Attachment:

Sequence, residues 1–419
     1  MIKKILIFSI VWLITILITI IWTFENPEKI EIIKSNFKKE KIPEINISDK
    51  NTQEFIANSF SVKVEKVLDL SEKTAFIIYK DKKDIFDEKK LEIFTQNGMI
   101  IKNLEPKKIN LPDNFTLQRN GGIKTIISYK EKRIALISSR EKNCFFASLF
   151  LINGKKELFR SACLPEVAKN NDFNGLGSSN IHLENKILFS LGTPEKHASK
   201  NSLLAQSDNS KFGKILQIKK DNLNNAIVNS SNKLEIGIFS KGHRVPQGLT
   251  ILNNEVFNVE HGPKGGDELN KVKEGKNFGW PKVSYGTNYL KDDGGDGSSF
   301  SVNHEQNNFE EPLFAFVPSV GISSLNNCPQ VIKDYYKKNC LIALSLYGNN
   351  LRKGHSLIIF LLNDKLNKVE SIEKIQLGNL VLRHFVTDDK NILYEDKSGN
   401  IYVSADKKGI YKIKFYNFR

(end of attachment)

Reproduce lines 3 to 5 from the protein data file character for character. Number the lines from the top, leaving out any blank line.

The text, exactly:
    51  NTQEFIANSF SVKVEKVLDL SEKTAFIIYK DKKDIFDEKK LEIFTQNGMI
   101  IKNLEPKKIN LPDNFTLQRN GGIKTIISYK EKRIALISSR EKNCFFASLF
   151  LINGKKELFR SACLPEVAKN NDFNGLGSSN IHLENKILFS LGTPEKHASK